Still, it's hard not to reflect on some of the negatives.
Gabbert is on pace to get sacked 48 times. His 654 passing yards through four games puts him on pace for just 2,616 in a 16-game season. The completion percentage still lags behind in the mid-50s.
Granted, the Jaguars passing offense is probably the worst in football. There is still much work to be done, including from Gabbert.
But overall in 2012, there have been some positive flickers for Jaguars fans to latch onto. Gabbert has 12 more games this season to prove he deserves this job for the long term.
No second-year quarterback has made a bigger jump than Minnesota's Christian Ponder.
The stats are fantastic: 68.3 completion percentage (fifth in NFL), 824 yards, four touchdowns, zero interceptions and a passer rating of 97.7 (eighth in NFL).
He's also led the Vikings to wins over the Jaguars (fourth-quarter comeback), San Francisco 49ers (two-score favorite) and Detroit Lions (Minnesota 0-2 vs. Detroit in 2011). The Vikings are currently tied with the Bears atop the NFC North at 3-1 heading into Week 5.
Granted, Ponder has received a lot of help. The Vikings defense has undergone a revival, Adrian Peterson made a miracle recovery and the special teams have been a point-scoring asset. Ponder hasn't had to complete a pass over 29 yards so far this season.
But don't discredit what Ponder has meant to this 3-1 start. He's been poised, smart and accurate. Ponder has made legitimate and tangible strides in every area of quarterback play in his second NFL season.
Andy Dalton has a strong case for being the most improved second-year quarterback, but he showed us flashes of being the guy he has been in 2012 during his rookie season, when he was a Pro Bowl alternate.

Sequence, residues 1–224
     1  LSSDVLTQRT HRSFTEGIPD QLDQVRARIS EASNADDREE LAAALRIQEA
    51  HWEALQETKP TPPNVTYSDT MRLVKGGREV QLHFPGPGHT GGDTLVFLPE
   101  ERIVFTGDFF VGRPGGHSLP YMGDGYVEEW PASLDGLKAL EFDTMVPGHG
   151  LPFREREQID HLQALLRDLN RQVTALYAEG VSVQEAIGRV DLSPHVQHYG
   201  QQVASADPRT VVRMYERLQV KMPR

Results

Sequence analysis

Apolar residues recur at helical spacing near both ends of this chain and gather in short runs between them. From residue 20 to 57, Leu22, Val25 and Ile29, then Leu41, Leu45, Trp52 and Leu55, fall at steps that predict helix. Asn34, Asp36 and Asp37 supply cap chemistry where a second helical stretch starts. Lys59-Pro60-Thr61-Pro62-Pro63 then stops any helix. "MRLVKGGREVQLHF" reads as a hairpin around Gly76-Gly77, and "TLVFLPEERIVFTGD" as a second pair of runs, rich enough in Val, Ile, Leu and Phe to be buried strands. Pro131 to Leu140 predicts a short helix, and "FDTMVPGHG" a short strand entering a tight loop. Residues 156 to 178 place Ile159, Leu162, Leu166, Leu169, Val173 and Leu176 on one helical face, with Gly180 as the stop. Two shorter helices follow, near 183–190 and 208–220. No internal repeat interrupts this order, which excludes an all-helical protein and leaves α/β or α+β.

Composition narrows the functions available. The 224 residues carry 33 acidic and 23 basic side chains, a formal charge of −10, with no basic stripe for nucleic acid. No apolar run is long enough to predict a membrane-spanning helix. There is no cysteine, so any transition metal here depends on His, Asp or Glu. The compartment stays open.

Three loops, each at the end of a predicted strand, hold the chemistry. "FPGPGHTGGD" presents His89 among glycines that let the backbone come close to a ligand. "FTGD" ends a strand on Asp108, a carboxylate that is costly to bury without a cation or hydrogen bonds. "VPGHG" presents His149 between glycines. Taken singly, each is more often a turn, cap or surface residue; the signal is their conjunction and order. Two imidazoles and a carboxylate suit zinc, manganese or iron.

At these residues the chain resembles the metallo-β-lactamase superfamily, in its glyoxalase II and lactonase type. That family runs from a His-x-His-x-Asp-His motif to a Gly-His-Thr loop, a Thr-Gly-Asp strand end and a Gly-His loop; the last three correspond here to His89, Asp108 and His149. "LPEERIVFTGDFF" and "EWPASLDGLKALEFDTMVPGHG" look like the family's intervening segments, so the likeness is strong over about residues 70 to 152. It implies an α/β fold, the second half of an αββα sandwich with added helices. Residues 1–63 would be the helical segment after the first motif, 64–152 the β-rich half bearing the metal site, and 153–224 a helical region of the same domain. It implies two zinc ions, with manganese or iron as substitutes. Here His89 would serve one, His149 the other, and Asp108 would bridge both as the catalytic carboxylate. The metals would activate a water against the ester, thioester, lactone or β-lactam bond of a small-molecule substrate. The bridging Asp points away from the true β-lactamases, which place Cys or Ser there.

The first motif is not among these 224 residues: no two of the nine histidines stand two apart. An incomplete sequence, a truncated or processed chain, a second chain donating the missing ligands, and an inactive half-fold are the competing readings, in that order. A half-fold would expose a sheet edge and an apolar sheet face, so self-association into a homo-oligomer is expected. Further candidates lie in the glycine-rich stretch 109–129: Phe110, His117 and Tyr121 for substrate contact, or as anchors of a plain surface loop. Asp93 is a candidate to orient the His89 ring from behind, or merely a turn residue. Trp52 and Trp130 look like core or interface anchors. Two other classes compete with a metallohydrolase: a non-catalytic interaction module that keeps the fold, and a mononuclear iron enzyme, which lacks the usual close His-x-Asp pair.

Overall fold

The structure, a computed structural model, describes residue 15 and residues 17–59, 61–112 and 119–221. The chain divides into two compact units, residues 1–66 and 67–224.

In his second season, Dalton is starting to stack successes together.
In three straight Cincinnati wins, Dalton has thrown for over 240 yards and two scores in each. He's now on pace to throw for over 4,000 yards with 32 touchdowns in 2012.
There have been a couple of no-no interceptions on his 2012 record, but it's hard to argue with a 3-1 record and Dalton's overall stat line (67.5 completion percentage, 1,111 yards, eight touchdowns, 103.0 passer rating).
Mostly a game manager in his rookie season, Dalton is now the aggressor from the quarterback position. That says all you need to know about his progression in year two.
Colin Kaepernick, San Francisco 49ers
Kaepernick, picked one spot behind Dalton in the second round in 2011, is Alex Smith's backup in San Francisco. But the 49ers have cleverly used Kaepernick in the Wildcat formation, and the results have been smashing.
He's rushed six times for 67 yards and a score, while throwing just one pass (incomplete). His role won't be large in 2012, but the 49ers are getting their playmaking youngster on the field.
Ryan Mallett, New England Patriots
Mallett hasn't exactly lit the world on the fire, especially this past preseason. But he was handed the Patriots' backup quarterback job, and he's still in line to be the eventual successor once Tom Brady is done with football. A couple more years in that system should give him all the tools he needs.